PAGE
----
The Logic of Collective Action

From Wikipedia, the free encyclopedia

Jump to: navigation, search

The Logic of Collective Action: Public Goods and the Theory of Groups is a book by Mancur Olson, Jr. first published in 1965. It develops a theory of political science and economics of concentrated benefits versus diffuse costs.

The book challenged accepted wisdom in Olson’s day that:

  1. if everyone in a group has interests in common, then they will act collectively to achieve them; and
  2. in a democracy, the greatest concern is that the majority will tyrannize and exploit the minority.

The book argues that individuals in any group attempting collective action will have incentives to "free ride" on the efforts of others if the group is working to provide public goods. Individuals will not “free ride” in groups which provide benefits only to active participants.

Public goods are goods which are non-excludable (i.e. one person cannot reasonably prevent another from consuming the good) and non-rival (one person’s consumption of the good does not affect another’s, nor vice-versa). Hence, without selective incentives to motivate participation, collective action is unlikely to occur even when large groups of people with common interests exist.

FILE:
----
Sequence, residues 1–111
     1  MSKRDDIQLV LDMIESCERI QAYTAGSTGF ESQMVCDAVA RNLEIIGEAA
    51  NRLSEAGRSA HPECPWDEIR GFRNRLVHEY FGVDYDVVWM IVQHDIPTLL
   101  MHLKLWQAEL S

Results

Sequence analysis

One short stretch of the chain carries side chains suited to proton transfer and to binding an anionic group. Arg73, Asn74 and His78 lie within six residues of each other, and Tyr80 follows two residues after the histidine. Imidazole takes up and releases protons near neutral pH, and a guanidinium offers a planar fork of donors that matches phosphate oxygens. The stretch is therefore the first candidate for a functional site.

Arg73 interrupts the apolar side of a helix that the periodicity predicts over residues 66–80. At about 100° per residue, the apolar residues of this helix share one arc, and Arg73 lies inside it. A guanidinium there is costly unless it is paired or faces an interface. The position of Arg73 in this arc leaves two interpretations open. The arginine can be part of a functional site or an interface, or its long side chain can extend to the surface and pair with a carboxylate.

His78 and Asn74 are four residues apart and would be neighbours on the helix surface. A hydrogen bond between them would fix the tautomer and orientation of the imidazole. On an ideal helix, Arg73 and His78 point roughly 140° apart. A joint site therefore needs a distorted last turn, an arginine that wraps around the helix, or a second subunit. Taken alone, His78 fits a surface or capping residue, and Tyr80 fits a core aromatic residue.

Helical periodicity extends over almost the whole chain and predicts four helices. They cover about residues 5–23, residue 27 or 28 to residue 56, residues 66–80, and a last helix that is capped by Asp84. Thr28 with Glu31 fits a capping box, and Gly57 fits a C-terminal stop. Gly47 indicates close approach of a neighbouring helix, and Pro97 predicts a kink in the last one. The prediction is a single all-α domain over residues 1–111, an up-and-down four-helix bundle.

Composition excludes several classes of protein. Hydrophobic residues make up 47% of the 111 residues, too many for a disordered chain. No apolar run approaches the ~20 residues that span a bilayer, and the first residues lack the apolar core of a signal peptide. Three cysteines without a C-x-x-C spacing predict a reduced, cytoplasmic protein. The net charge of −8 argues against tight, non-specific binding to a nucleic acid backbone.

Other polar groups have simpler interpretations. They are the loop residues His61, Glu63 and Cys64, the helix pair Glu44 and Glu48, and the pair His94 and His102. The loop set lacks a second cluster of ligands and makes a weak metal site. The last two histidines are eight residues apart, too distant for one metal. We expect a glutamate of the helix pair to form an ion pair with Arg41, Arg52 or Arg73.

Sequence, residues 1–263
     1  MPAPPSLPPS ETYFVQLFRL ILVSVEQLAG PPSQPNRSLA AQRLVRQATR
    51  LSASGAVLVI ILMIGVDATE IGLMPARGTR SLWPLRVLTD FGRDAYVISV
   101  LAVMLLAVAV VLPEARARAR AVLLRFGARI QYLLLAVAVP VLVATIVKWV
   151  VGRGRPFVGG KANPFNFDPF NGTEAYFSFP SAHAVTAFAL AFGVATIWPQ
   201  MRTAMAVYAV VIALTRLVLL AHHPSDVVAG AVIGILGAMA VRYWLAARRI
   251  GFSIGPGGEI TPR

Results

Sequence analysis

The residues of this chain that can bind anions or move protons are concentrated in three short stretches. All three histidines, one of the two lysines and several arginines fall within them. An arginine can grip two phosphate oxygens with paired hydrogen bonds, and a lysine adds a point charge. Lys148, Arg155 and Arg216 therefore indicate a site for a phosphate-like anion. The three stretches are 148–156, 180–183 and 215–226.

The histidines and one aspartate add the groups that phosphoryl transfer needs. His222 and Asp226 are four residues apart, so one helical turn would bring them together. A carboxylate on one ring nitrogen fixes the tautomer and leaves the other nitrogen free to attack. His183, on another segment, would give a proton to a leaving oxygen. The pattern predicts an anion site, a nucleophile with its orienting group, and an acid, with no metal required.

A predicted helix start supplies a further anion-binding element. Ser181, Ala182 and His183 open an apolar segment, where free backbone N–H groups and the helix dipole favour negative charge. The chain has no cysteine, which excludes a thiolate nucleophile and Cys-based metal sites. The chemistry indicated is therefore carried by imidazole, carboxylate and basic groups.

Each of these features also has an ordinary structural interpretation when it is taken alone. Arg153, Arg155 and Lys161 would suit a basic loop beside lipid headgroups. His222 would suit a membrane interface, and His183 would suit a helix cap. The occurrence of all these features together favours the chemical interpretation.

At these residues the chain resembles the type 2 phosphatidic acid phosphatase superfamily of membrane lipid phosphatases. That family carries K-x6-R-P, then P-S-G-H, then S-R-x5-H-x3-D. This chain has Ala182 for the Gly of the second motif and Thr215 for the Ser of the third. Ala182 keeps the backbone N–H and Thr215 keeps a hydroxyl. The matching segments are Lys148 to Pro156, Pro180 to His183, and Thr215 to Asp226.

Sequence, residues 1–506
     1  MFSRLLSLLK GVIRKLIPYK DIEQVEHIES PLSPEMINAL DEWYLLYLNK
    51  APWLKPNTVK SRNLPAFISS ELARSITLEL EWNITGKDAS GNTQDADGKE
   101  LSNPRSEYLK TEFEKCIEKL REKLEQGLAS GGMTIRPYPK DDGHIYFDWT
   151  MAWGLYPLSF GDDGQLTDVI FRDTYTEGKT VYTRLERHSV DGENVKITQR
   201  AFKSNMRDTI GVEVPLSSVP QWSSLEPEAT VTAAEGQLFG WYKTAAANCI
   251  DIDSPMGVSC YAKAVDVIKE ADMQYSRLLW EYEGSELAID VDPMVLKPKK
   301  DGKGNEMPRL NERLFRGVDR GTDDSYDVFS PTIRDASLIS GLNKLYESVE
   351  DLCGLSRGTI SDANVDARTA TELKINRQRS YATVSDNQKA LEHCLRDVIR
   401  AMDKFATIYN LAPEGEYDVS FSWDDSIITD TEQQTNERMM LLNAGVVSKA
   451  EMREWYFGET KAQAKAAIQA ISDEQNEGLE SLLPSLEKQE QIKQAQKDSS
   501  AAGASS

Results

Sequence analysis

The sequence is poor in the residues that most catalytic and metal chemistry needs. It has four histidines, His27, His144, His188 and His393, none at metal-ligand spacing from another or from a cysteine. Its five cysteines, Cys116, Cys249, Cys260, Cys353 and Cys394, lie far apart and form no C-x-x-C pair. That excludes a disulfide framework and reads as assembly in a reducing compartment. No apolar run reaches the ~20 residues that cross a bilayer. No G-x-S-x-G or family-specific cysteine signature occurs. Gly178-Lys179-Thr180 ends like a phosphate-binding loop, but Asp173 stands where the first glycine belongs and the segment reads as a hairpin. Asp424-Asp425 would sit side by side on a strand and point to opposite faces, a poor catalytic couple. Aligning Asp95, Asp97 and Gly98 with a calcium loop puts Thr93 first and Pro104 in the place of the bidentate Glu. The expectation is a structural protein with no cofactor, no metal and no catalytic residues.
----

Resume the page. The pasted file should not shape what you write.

The book also noted that large groups will face relatively high costs when attempting to organize for collective action while small groups will face relatively low costs. Furthermore, individuals in large groups will gain relatively less per capita of successful collective action; individuals in small groups will gain relatively more per capita through successful collective action. Hence, in the absence of collective incentives, the incentive for group action diminishes as group size increases, so that large groups are less able to act in their common interest than small ones.

The book concludes that, not only will collective action by large groups be difficult to achieve even when they have interests in common, but situations could also occur where the minority (bound together by concentrated selective incentives) can dominate the majority.

[edit] References

Personal tools